HMC Marketer of the Year Fireside Chat
Key Takeaways from Kellogg’s Award-Winning Multicultural Marketing Journey
Every year, the Hispanic Marketing Council’s Marketer of the Year Award shines a spotlight on companies that have a legacy of putting the Hispanic consumer at the heart of their marketing strategies and consistently create meaningful, impactful and relevant campaigns to connect with this growing segment.
With a wide-ranging portfolio of beloved brands and an organization-wide commitment to multicultural marketing, Kellogg’s recently joined the shortlist of brands that have received this prestigious award.
Julie Bowerman, Chief Marketing and Ecommerce Officer and Chelsea Jenkins, Director of Culture and Inclusive Marketing for Kellogg’s North America, recently shared some of the key learnings and milestones of Kellogg’s multicultural marketing journey with Captura Group’s President & General Manager Walter Boza at HCM’s 2022 Virtual Summit. Here are some of the main takeaways from the 2022 HCM’s Marketer of the Year fireside chat.
The Role of Leadership and Enterprise-Wide Commitment
Kellogg’s strategic commitment to Hispanic marketing spans back almost a decade, evolving from a single multi-brand initiative to having multicultural initiatives across all of Kellogg’s brands. And while their marketing teams and partners continue to learn and gain momentum in this space, they recognize that a critical factor in their success has been the leadership’s top-down commitment to multicultural initiatives that trickle across the business.
“[Leadership] sets the tone that leads the rest of our organization into this space of prioritizing and embedding ED&I [Equity, Diversity & Inclusion] to everything that we do. That is where the authenticity in truly championing these audiences comes through. A big part of that has been the creation of our Culture and Inclusive Marketing team and actually shifting our structure internally to make sure that this integrated team is working across the business and departments,” said Jenkins.
Create a System for Continuous Learning
Kellogg’s efforts to continue to learn and evolve its multicultural marketing initiatives include the creation of an accelerator around cultural intelligence, which provides a deep dive into the culture and helps the organization develop deep empathy and awareness to build its multicultural proficiency.
“Educating on who are these consumers that we’re looking to serve, who makes up our Hispanic audience who we’re really trying to drive these meaningful connections with, what are their motivations, barriers and challenges, the way they move about the world, the way that they shop and interact with our foods. That was a great foundation to then build upon and actually create plans to make sure they’re coming through very authentically,” explained Jenkins.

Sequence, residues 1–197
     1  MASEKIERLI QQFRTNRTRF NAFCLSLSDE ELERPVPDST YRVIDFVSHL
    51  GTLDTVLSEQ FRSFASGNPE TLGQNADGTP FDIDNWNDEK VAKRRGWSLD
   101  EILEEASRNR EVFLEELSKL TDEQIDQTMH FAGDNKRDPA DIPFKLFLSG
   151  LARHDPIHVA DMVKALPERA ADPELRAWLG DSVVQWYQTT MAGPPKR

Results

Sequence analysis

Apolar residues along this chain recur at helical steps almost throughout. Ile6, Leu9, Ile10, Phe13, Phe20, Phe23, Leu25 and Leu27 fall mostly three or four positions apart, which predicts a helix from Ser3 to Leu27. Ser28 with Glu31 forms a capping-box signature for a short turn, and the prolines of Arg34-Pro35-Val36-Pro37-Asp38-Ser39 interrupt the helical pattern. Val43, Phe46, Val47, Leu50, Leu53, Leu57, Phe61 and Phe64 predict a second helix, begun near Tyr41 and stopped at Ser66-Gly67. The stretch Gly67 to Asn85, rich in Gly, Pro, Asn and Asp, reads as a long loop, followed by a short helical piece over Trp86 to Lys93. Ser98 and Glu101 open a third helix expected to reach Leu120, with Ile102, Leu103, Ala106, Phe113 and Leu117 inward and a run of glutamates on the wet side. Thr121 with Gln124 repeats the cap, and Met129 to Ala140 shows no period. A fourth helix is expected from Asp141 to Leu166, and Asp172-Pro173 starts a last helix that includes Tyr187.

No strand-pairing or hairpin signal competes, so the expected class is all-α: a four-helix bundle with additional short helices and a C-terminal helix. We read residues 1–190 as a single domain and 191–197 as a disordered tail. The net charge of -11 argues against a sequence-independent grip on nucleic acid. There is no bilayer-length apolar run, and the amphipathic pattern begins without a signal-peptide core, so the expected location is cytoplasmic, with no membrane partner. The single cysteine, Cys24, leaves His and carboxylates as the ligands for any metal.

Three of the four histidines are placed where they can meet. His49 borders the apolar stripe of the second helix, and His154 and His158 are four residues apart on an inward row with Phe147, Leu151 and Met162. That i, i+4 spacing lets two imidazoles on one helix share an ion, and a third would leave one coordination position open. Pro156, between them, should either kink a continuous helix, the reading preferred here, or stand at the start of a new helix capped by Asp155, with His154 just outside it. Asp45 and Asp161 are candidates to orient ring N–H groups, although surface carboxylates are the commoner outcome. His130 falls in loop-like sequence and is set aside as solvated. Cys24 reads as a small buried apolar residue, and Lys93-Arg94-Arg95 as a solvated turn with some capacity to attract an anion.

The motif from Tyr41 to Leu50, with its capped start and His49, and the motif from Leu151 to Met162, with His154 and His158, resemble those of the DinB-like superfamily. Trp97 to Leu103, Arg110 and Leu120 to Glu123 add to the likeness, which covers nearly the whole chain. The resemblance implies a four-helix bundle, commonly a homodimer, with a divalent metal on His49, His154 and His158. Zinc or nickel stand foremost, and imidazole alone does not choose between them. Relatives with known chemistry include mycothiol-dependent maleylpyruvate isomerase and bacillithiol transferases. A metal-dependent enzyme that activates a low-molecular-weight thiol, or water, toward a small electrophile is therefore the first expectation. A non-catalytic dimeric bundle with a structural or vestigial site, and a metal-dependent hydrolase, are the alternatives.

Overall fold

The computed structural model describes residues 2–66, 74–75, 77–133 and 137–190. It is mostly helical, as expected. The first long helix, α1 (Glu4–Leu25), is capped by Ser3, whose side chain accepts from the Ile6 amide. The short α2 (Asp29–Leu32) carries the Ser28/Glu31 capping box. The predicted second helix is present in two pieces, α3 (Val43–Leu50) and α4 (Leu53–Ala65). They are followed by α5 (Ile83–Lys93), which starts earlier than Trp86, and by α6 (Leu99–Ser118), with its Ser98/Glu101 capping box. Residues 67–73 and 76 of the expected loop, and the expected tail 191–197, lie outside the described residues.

Engage Internal Stakeholders
This continuous learning practice was further supported by the creation of Business Employee Resource Groups (BERG), as well as Kellogg’s ED&I Steering Committee, a centralized council group with representation from several leaders, partners, and other stakeholders from across the business that comes together once a month to show visibility into ED&I efforts, keep teams attuned their changing markets, and help them gain critical insights for the business.
For example, “we have ¡HOLA! which is our Hispanic resource group. They’re always sharing priorities, events, and cultural moments that we should be leaning into, but also providing feedback for us, which is great. It’s a space for us to learn, have really candid conversations, know what’s going on in the industry, and keep a pulse on forward-looking trends,” said Jenkins.
Built-in, Not Bolted-on: Multicultural Integration Throughout the Planning Process
One of the approaches Kellogg’s has taken is to embed a multicultural perspective as early as possible in the planning processes, which includes key questions to trigger the teams to be thinking multicultural and Hispanic at the very onset of a project or initiative.
“It all comes down to the insights and making sure that those are baked in upfront and throughout the process, to know what those barriers are. You can have the best creative in the world, you might be getting that exposure to the creative, but you might not necessarily get the engagement or get them to actually purchase or understand how that fits into their life,” said Jenkins.
They also leverage insights from external and internal partners who help gain a deeper understanding of target audiences. As Bowerman explains, “we have great partners like Captura who sit at the table from the onset of the briefing process, and they become the voice of the Hispanic consumer. They make sure to keep us in check, they hold us accountable throughout the briefing, the creative design, and the execution process to make sure that we’re appealing and relevant to the Hispanic consumer all the way through, from strategy to execution. Those capabilities, embedded in the way we’re working, have been critical, versus trying to do it aside from it. That’s helped us make much faster progress.”
A Delicate Balance: Effectiveness AND Efficiency